The 2017 Dayton Literary Peace Prize Runner Up in Fiction:
Homegoing (Alfred A. Knopf), Yaa Gyasi's epic debut novel, is a riveting, kaleidoscopic story of race, history, ancestry, love, and time that follows two Ghanaian half-sisters – one who marries an Englishman, another who is sold into slavery in the U.S. – and each of their descendants across three hundred years in Africa and America, revealing how racism is often rooted in tribalism, greed, and the lust for power.
Gyasi said: “Literature shows us the world as it truly is, but it also shows us the world as it could be—peaceful, empathetic, and humane. It is literature that we so often turn to when we want to better understand each other, and I’m encouraged by the fact that people keep seeking this understanding. These days we are constantly confronted with our differences and we are urged to protect ourselves from “the other,” but one of the great powers of literature is not that it erases these differences, but rather that it highlights them in order to show us how complex we all are, how rich our world is because of this complexity. I am so honored to be recognized by the Dayton Literary Peace Prize.”
The 2017 Dayton Literary Peace Prize Runner Up in Nonfiction:
In City of Thorns, Ben Rawlence interweaves the stories of nine individuals to show what life is like in Dadaab, the world's largest refugee camp, sketching the wider political forces that keep the refugees trapped. Lucid, vivid, and illuminating the book tells an urgent human story with deep international repercussions, brought to life through the people who call Dadaab home.
Rawlence said: "Empathy is the beginning of peace between people. Stories that can show us the world through eyes not our own are the way that we learn empathy. In my view, all literature serves this goal of deepening our shared humanity. To be recognized by a prize for spreading peace is the highest honor a book can achieve."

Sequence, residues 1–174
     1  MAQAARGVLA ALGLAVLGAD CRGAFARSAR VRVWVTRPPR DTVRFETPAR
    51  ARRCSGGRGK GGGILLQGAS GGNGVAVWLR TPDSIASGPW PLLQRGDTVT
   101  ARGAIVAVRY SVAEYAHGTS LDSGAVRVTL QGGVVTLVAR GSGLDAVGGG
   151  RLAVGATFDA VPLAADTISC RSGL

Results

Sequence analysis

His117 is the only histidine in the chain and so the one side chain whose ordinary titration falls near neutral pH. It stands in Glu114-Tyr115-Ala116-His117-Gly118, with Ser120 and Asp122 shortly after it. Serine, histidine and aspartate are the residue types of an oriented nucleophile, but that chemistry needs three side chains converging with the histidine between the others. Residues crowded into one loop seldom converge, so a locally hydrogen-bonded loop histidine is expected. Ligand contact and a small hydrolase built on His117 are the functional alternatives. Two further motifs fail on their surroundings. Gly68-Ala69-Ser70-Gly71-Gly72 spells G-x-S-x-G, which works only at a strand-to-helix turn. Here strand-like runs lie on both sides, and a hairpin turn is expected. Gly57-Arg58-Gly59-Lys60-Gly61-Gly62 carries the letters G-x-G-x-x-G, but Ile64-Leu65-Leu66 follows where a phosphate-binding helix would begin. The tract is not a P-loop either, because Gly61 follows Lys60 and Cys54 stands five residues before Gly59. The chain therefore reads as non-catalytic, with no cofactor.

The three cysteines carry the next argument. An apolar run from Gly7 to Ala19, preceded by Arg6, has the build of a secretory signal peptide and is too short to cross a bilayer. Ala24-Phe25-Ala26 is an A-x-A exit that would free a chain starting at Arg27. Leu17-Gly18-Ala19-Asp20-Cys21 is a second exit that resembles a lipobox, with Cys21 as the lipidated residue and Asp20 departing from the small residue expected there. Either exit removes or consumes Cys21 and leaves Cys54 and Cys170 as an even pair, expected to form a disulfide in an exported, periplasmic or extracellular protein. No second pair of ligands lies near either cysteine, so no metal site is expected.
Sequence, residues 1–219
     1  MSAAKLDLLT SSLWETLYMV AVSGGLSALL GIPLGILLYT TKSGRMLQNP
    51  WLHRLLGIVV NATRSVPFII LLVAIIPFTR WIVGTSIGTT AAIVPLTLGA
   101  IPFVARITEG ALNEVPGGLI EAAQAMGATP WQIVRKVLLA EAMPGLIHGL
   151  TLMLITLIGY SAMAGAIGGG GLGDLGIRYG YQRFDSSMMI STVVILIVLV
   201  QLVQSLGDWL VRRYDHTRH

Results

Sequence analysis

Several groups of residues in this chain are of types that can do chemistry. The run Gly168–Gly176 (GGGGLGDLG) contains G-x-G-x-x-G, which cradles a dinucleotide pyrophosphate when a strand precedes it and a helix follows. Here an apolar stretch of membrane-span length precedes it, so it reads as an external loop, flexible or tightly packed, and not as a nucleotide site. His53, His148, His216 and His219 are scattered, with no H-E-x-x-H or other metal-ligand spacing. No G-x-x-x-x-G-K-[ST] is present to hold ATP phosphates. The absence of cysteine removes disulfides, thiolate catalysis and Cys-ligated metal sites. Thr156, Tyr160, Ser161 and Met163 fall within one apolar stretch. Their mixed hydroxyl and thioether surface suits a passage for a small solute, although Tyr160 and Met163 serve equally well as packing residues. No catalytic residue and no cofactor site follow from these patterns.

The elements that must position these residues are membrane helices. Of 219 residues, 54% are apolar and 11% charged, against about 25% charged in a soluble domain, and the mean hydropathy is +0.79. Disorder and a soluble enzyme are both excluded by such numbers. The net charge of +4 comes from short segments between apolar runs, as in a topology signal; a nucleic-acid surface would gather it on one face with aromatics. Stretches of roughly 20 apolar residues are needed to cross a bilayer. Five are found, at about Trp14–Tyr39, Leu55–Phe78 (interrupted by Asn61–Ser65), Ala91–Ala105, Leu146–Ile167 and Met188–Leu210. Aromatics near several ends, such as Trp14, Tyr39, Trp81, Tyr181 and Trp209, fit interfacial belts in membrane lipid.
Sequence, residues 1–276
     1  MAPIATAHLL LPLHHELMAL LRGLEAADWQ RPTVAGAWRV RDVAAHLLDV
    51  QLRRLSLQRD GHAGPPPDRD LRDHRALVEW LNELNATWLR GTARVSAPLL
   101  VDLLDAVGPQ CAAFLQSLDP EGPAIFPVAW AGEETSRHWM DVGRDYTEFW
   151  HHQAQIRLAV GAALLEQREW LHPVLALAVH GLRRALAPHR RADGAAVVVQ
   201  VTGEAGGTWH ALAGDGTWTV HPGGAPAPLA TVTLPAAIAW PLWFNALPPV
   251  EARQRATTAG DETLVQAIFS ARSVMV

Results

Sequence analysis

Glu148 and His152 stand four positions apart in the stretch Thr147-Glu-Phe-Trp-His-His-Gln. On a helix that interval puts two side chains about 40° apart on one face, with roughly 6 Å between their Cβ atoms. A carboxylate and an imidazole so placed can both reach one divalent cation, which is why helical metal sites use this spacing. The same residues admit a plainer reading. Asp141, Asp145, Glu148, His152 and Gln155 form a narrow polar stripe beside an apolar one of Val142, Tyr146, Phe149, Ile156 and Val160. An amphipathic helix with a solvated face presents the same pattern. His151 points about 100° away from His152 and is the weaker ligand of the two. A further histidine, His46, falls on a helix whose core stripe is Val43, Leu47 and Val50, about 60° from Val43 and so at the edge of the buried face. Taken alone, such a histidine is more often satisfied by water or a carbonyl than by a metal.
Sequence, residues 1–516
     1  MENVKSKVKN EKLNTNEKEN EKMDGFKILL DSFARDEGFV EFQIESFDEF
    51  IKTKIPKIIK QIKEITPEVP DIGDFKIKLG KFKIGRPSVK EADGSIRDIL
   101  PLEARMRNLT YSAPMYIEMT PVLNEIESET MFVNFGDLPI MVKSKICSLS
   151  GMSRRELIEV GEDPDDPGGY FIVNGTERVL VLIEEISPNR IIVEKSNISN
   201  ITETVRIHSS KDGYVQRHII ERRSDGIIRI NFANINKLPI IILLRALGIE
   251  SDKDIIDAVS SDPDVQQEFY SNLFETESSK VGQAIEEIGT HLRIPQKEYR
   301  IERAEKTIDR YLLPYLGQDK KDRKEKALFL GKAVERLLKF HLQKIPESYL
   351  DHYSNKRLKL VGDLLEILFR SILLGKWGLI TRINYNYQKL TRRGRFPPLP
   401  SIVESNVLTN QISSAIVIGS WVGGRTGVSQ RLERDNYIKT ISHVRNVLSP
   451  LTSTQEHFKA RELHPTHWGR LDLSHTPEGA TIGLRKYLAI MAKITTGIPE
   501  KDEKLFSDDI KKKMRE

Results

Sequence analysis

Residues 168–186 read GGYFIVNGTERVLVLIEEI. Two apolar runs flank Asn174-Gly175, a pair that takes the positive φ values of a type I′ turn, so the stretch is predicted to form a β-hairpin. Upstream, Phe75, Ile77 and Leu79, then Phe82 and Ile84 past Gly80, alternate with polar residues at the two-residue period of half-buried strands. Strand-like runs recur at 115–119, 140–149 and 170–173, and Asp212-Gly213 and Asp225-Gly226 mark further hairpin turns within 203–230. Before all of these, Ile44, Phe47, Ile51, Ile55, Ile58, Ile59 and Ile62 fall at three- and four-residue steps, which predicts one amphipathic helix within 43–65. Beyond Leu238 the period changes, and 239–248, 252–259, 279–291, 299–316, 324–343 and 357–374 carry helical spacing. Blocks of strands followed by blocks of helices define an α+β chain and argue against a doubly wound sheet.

Organizers previously announced that Irish novelist, journalist, and essayist Colm Tóibín (Brooklyn, House of Names), whose fiction and nonfiction captures the impact of exile and political conflict on individual lives, will receive the 2017 Richard C. Holbrooke Distinguished Achievement Award, named in honor of the noted U.S. diplomat who helped negotiate the Dayton Peace Accords.
To be eligible for the 2017 awards, English-language books must have been published or translated into English in 2016 and address the theme of peace on a variety of levels, such as between individuals, among families and communities, or among nations, religions, or ethnic groups.
A judging panel of prominent writers selected the winners and runners up, including Gish Jen, Robin Hemley, Alan Taylor, and Helen Thorpe.
About the Dayton Literary Peace Prize
The Dayton Literary Peace Prize honors writers whose work uses the power of literature to foster peace, social justice, and global understanding. Launched in 2006, it has established itself as one of the world’s most prestigious literary honors, and is the only literary peace prize awarded in the United States. As an offshoot of the Dayton Peace Prize, the Dayton Literary Peace Prize awards a $10,000 cash prize each year to one fiction and one nonfiction author whose work advances peace as a solution to conflict, and leads readers to a better understanding of other cultures, peoples, religions, and political points of view. Additionally, the Richard C. Holbrooke Distinguished Achievement Award is bestowed upon a writer whose body of work reflects the Prize's mission; previous honorees include Wendell Berry, Taylor Branch, Geraldine Brooks, Louise Erdrich, Barbara Kingsolver, Nicholas Kristof and Sheryl WuDunn, Tim O'Brien, Marilynne Robinson, Gloria Steinem, Studs Terkel, and Elie Wiesel. For more information visit the Dayton Literary Peace Prize media center at http://daytonliterarypeaceprize.org/press.htm.